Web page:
Optimal exercise regimen could aid pulmonary hypertension patients
Aug. 25, 2015
A physical therapy researcher with the IU School of Health and Rehabilitation Sciences at Indiana University-Purdue University Indianapolis has been awarded a $465,000 National Institutes of Health grant to optimize aerobic exercise training for patients with pulmonary arterial hypertension -- a goal that data suggests could reduce patient morbidity and mortality.
Traditionally, it had been thought that these patients, who often struggle to walk across a room or climb a flight of stairs, shouldn’t exercise, said Mary Beth Brown, an assistant professor in the Department of Physical Therapy.
“It’s only in the last decade that the first evidence came out that exercise may be OK and may even be beneficial,” Brown said. “Because it is such a relatively new potential therapy, there is a lot of work that needs to be done to optimize it, just like with any other new therapy.”
Pulmonary hypertension is high blood pressure that occurs in the arteries in the lungs. Blood vessels that carry blood from the heart to the lungs become narrow, forcing the heart to work harder to pump the blood through. As the pressure builds, the heart's right ventricle must work harder to pump blood through the lungs, eventually causing the heart muscle to weaken and eventually fail.
While researchers believe exercise is beneficial, the best approach to maximizing those benefits and minimizing risks has yet to be discovered, Brown said.
“Patients with pulmonary hypertension can get extremely high pulmonary pressures during exercise,” she said. “So you have to wonder what the implications of that are.”
One result of pulmonary hypertension is that tolerance for exercise, even walking short distances, worsens over time, Brown said. Researchers believe that is due in part to skeletal muscle and heart muscle metabolism failing to generate energy as efficiently as they had before the onset of the disease.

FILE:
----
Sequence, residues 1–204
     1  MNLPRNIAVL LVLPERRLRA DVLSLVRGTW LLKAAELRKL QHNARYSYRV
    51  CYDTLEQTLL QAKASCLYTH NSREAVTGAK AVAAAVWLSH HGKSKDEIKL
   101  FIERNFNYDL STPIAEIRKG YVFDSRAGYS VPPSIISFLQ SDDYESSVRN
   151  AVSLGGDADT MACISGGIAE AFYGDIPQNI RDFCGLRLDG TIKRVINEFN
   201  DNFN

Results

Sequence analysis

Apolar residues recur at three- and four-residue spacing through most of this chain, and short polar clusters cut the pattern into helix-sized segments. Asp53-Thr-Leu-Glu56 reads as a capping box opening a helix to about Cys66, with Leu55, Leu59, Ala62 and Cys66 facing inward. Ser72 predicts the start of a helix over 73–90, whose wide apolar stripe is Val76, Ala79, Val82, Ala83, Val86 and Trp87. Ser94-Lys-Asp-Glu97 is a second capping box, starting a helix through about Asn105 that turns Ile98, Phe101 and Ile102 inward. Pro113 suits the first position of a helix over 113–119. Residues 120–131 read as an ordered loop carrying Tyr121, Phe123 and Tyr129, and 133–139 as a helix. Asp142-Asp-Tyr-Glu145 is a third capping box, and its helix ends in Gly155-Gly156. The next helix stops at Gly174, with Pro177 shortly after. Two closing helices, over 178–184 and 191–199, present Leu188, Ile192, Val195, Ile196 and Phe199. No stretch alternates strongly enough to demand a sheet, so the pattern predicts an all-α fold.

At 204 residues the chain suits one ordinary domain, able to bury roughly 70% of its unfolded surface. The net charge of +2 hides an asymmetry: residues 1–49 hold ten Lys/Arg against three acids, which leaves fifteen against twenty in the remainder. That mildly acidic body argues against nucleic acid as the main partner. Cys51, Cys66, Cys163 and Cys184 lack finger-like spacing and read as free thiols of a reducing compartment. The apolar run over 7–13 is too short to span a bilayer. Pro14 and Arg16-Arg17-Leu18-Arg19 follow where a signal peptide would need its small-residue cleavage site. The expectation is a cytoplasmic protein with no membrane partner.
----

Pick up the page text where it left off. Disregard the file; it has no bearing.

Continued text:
Regular exercise is expected to help with the exercise intolerance in pulmonary hypertension because exercise is known to reverse or at least ameliorate the inefficient energy metabolism of other diseases, Brown said.
“If we can find an exercise protocol that will improve blood pressure in the lungs, and thus the load on the right heart, in addition to promoting improvement in skeletal muscle and heart metabolism, we could actually slow the progression of the disease,” Brown said.
She has already tested, in a rat model with a mild form of pulmonary hypertension, the use of high-intensity interval training, which alternates short periods of intense exercise with less-intense recovery periods.
The results were startling, Brown said.
She found improvement in blood pressures in the lungs, not only during exercise but at rest as well. Further, the enlargement in the size of the right ventricle, caused by pulmonary hypertension, was reversed.
“We’ve never seen reversal of the right heart hypertrophy,” she said. “My first thought was this can’t be right, so the experiment was repeated, but we got the same results again.”
With the NIH grant, Brown will now conduct similar high-intensity interval training using a rat model with a more severe form of pulmonary hypertension to see if the experiment produces the same or similar results as it did with the milder form of the disease
She will employ implantable telemetry to measure pulmonary pressures during exercise in her rat model over the course of disease development and treatment, which has never been done.
“We need to understand the hemodynamics during physical exertion so we can better optimize exercise protocols.”
With findings from an earlier study that showed a drop in pulmonary pressures to normal levels for a period of time in animals that performed a single exercise session, Brown’s research will determine which exercise protocols give the best window of time of normalized pulmonary pressures, Brown said.
“That in itself could potentially produce a huge benefit,” Brown said. “Patients who exercised daily would have more of these post-exercise windows of lower pressure, and less load on the heart.”